UMS, University of Hull team up for joint study
Published on: Saturday, September 05, 2015

Kota Kinabalu: Can a practical microwave technique turn the hated Pome (palm oil mill effluents) that pollutes many of Sabah's streams, into highly desirable biodiesel and bio-compost?To find out, researchers from Universiti Malaysia Sabah and University of Hull, UK, have teamed up to begin a joint multidisciplinary study entitled 'Enhancing Environmental Resilience and Energy Security by Developing Efficient Novel Methods for Converting Palm Oil Waste to Biodiesel and Fertilizers.'

Besides these two invaluable economic products sought, the project will also conduct a 'social investigation' on the acceptance of the technology by the palm oil industry, according to a press statement form Constance Chong, Research Officer with 'Sustainable Palm Oil Research, UMS.

Fund wise, the British Council has already awarded a grant via the Newton Fund.

The team of multidisciplinary experts from UMS include Associate Professor Dr Chong Kim Phin, Dr. Jidon Janaun, Dr. Abu Zahrim and Professor Dr Fadzilah Cooke.

The University Hull team comprises Professor Dr Stephanie Haywood, Dr SH Zein and Dr Pauline Deutz.

Pome is a by-product of palm oil production and the current practice is considered as negatively impacting the environment, according to the press statement.

Due to the high biological oxygen demand and other pollutants contained in the brown fluid post-palm oil production, dumping of Pome into river after treatment after 'treatment' reduces its negative impact.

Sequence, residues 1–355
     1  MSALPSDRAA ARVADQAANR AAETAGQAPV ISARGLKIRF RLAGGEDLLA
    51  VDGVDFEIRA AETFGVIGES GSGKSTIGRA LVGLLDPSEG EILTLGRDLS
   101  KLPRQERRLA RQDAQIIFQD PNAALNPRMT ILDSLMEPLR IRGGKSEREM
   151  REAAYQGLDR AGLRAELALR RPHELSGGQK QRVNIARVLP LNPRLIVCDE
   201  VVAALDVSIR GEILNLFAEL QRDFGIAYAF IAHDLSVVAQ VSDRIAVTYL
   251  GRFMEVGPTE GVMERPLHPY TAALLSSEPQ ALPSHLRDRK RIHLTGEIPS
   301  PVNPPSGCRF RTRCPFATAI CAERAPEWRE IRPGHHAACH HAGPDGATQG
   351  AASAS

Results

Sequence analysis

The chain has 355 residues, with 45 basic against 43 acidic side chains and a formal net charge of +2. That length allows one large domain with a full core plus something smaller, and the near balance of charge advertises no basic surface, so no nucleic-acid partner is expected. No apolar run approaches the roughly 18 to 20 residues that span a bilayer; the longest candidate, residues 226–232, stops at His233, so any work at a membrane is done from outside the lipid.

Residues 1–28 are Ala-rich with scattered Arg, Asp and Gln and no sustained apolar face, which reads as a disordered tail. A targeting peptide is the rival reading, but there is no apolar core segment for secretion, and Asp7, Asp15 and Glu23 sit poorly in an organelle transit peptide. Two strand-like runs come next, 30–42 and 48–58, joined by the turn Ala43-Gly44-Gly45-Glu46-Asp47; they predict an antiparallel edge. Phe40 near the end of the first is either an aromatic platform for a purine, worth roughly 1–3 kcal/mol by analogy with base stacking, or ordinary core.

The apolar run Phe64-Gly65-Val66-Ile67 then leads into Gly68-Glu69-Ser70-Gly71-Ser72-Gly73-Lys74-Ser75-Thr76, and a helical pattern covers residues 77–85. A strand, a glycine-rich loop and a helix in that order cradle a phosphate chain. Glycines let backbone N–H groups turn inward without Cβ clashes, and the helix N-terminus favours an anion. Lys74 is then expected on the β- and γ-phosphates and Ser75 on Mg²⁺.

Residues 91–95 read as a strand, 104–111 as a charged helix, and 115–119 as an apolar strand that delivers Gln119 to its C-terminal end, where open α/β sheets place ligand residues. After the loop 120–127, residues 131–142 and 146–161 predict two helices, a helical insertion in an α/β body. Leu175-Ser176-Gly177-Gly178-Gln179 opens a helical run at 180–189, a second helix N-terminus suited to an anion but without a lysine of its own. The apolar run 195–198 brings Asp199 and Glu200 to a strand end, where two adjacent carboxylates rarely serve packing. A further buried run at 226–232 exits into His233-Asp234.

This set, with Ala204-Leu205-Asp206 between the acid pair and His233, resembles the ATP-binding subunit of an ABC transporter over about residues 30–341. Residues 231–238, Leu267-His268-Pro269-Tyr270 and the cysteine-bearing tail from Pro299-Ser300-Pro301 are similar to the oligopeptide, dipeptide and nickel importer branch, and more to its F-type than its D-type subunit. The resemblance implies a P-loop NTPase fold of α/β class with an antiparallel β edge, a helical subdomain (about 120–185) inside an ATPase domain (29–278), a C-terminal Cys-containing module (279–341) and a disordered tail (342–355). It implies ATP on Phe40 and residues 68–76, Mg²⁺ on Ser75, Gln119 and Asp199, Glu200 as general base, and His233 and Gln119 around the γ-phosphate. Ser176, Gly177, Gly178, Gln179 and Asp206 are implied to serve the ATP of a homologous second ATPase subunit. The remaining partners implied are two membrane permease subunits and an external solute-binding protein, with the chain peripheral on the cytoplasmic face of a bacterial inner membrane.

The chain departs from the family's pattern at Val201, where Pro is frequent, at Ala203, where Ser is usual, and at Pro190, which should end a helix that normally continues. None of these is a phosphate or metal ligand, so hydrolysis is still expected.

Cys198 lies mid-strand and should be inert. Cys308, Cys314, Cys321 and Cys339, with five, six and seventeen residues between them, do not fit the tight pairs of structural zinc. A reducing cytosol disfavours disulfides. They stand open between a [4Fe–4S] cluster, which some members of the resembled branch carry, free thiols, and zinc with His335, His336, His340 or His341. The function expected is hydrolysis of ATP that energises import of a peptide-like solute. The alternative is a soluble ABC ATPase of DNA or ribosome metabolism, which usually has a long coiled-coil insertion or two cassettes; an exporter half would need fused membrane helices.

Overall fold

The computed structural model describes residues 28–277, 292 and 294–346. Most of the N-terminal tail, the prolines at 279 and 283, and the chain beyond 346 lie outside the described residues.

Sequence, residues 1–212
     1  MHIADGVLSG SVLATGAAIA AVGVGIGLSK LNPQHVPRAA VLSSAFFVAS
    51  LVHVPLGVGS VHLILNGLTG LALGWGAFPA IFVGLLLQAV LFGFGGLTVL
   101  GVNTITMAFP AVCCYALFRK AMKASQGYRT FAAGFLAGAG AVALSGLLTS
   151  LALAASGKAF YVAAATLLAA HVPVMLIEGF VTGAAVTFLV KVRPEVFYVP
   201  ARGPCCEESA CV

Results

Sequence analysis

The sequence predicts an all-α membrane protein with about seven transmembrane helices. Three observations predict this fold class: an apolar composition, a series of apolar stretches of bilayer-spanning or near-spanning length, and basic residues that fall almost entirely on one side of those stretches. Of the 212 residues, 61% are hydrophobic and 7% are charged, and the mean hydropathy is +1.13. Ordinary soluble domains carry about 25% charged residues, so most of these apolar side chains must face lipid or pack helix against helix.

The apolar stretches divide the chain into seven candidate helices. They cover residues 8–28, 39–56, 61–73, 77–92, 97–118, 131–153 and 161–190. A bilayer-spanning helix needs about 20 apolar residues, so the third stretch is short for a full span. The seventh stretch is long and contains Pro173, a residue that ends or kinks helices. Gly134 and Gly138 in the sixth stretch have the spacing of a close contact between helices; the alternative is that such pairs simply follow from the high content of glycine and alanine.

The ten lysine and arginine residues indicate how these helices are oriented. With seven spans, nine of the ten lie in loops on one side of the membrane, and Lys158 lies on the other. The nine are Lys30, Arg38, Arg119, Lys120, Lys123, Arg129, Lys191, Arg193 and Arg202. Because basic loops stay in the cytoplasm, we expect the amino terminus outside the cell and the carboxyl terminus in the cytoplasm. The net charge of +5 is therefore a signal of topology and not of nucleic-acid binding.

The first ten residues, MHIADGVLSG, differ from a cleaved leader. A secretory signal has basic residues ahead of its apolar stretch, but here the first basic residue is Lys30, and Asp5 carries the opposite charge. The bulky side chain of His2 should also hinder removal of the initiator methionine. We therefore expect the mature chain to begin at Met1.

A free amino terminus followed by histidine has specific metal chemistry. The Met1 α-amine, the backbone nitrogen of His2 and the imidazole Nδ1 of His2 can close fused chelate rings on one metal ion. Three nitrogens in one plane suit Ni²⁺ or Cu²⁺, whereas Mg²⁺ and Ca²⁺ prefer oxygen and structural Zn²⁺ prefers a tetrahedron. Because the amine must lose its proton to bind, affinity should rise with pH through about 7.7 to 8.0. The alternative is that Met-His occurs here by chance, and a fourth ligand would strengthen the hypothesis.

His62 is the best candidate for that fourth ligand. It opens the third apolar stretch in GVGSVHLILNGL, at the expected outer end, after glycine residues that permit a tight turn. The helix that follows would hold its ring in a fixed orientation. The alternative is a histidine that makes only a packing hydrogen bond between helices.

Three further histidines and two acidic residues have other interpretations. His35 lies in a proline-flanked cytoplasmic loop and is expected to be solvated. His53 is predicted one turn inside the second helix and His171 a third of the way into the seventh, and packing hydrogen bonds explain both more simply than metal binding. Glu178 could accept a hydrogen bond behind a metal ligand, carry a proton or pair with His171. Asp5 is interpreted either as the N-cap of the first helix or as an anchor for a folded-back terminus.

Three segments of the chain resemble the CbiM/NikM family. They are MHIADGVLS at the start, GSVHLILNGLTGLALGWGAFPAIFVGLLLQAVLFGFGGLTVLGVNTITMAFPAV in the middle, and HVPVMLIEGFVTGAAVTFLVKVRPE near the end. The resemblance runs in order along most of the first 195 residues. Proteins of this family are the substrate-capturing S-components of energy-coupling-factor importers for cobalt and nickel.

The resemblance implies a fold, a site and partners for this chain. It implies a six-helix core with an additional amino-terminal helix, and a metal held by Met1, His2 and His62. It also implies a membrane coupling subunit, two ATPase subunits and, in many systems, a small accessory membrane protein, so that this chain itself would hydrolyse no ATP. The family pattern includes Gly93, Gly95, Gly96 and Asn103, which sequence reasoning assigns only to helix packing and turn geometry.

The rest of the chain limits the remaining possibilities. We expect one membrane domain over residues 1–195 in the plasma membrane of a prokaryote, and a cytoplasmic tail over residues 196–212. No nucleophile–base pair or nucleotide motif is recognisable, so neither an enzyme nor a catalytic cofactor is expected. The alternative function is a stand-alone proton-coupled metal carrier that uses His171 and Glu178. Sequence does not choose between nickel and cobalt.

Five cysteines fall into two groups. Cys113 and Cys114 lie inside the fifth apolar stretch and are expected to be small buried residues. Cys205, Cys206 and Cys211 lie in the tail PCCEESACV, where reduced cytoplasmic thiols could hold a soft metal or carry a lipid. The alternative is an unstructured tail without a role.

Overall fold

However, there are problems with inefficiency of current treatment methods, compliance of mills and enforcement of regulations, the statement added.

There is therefore room for improvement with regards to treatment of Pome into products that have a less negative impact to the environment.

One of the ways in doing so, is the conversion of raw Pome into reusable biofuels and bio-compost.

In addition to that, adoption of the technology by the industry is an important aspect of any product development success, the statement continues.

The social investigation in the project will produce useful data for the development of the microwaves technique.

The cross breeding of disciplines and generous support of the British Government opens up fresh approaches and opportunities to solving an old problem with new technology.

Historically, angry protests from Malay villagers against severe pollution of rivers in West Malaysia in the late 60s and early 70s forced the Federal Government to draft Environmental Quality Act 1974.

The collaboration is expected to cast some light into the possibility of using a relatively practical technology, the microwave technique, to convert Pome into biodiesel and bio-compost and the results may mark the beginning of a good start towards a sustainable palm oil industry, the statement concluded.


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